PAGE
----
Tag Archives: Maryland

July 25: Back to the country, and a “Henry Ford Museum lightbulb machine moment”

I took Loralee to the Baltimore airport this morning. I have to say that a) I’m going to miss her, but I’m seriously glad to be out of that motel, and b) it’s so good to be out of the city!

I drove around Baltimore on its beltway, then headed northeast on the same highway Katrina and Teri and I took to get to Longwood the other day. I turned off before I passed it, though, and headed up into Pennsylvania.

Is it just me or does this look like Kansas?  Along the road in Pennsylvania.
Is it just me or does this look like Kansas? Along the road in Pennsylvania.

I’m generally headed for New England now, but while I was looking at the map last night, I noticed a place on the map marked Hopewell Furnace National Historic Site. Curious about why a furnace would be historical [g], I headed in that direction. As it turned out, Hopewell Furnace was what I think of as a Henry Ford Museum lightbulb machine.

Let me explain. No, there is too much. Let me sum up.

Sometimes you (or I, at any rate) take things for granted, without thinking about how they’ve come to be, until you see something that jolts you and makes you realize that, no, these things do not spring full blown from the head of Zeus. My primary example is the lightbulb machine in the Henry Ford Museum in Detroit, which I saw on my last Long Trip 17 years ago. Now tell me. Have you ever thought about how light bulbs are manufactured? I didn’t think so.

Well, yesterday I learned how cast iron was made back in the 18th and 19th centuries, which was something I’d never considered before. It was made by hand, by skilled craftsmen, each one supported by an infrastructure and a cadre of workers, then the results were hauled off by horse and wagon to the cities where they were sold. I had no idea that iron was originally smelted using charcoal, and that places like Hopewell Furnace went through hundreds of cords of wood every year.

Butterflies on purple coneflowers at Hopewell Furnace National Historic Site.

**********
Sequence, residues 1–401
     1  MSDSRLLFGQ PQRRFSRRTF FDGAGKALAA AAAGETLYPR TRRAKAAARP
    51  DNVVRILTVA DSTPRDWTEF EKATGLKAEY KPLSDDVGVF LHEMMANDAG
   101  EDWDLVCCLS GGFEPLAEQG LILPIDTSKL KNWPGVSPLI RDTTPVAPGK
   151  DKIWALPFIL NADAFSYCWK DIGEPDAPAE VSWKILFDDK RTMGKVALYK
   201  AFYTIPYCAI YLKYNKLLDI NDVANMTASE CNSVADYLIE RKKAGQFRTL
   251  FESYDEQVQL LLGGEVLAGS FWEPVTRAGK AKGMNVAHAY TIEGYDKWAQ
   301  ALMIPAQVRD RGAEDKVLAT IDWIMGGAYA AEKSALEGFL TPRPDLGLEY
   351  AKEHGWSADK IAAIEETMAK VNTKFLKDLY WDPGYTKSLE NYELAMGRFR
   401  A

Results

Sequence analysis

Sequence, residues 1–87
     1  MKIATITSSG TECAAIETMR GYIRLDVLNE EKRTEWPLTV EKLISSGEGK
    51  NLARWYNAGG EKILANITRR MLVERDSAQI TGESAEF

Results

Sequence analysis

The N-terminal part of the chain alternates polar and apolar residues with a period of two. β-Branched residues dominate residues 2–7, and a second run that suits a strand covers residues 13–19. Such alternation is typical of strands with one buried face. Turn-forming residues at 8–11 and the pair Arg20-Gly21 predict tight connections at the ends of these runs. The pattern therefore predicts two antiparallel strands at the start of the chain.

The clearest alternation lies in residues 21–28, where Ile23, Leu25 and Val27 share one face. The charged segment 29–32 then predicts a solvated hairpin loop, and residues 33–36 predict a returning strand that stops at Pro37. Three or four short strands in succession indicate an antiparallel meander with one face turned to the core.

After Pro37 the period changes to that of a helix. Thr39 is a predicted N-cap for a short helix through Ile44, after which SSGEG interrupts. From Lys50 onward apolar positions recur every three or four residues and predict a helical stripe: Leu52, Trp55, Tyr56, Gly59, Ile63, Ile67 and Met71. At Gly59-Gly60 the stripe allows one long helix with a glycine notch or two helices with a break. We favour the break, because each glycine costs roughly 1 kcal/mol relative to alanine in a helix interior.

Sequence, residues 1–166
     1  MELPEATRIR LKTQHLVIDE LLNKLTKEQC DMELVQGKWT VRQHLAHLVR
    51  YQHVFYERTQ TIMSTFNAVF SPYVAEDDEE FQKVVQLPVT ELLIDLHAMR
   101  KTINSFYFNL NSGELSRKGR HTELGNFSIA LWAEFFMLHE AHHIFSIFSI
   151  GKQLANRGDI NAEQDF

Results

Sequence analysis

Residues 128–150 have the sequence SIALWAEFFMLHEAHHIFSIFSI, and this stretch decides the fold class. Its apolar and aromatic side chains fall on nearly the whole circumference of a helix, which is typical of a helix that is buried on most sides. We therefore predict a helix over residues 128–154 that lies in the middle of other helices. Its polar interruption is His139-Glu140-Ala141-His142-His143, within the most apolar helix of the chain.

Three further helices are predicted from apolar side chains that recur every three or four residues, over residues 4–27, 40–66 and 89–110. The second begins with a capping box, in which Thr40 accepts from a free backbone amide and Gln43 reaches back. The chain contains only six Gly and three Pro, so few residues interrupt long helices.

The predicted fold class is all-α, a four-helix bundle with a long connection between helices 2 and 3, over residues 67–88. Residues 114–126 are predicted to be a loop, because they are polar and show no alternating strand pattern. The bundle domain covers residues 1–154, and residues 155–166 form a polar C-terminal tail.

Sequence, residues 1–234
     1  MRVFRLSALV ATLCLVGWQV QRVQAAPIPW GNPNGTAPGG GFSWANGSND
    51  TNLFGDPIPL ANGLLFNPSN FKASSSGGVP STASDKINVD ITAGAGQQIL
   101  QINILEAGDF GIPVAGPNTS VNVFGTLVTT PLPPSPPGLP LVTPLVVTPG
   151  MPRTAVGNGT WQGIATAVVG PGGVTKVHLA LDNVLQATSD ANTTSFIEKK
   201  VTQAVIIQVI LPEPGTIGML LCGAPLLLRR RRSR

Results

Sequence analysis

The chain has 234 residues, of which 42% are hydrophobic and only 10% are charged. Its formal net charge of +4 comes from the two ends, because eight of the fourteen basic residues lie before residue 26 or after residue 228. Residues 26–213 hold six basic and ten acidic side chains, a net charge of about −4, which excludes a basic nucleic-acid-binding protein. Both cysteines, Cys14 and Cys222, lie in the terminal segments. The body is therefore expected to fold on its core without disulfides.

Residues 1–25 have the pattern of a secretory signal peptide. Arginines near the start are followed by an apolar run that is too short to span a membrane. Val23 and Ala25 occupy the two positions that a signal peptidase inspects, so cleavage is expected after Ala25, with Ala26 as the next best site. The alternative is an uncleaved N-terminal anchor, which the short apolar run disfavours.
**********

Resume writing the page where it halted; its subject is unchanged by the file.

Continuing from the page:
Butterflies on purple coneflowers at Hopewell Furnace National Historic Site.
Stoves cast at Hopewell Furnace in the 1800s.
Stoves cast at Hopewell Furnace in the 1800s.
Part of the CCC-restored (of course) Hopewell Furnace National Historic Site.  The house is the home of the owner of the furnace.
Part of the CCC-restored (of course) Hopewell Furnace National Historic Site. The house is the home of the owner of the furnace.
A charcoal pit, where so much wood was burned so iron could be smelted.
A charcoal pit, where so much wood was burned so iron could be smelted.
Looking back towards the cooling sheds, where the charcoal was cooled before being used in the furnace.
Looking back towards the cooling sheds, where the charcoal was cooled before being used in the furnace.

Hopewell provided iron for cannons at Yorktown and in the Civil War, as well as cookstoves that were prized for decades, and many kinds of smaller pieces.

Anyway, the site was fascinating, although the heat and humidity made walking around the actual reconstructed town problematic, of course. The visitor center had a terrific little movie about the place, too.

A very strange sign along the roadside in Pennsylvania.
A very strange sign along the roadside in Pennsylvania.
I absolutely love the old stone houses in this part of the world.
I absolutely love the old stone houses in this part of the world.

After I left Hopewell Furnace, I headed towards somewhere I’d stayed at on my last Long Trip, a hostel in a state park about an hour northwest of Philadelphia. It’s in an old stone house that was the landowner’s before he gave the land to the state, and it’s a peaceful, quiet spot, which I much appreciated.

With the proprietor’s help, I also found a laundromat, so I’m set for clean clothes again for a while. And I managed to keep from getting drowned when the skies opened again, too.

July 15: An overwhelmingly enormous and gorgeous garden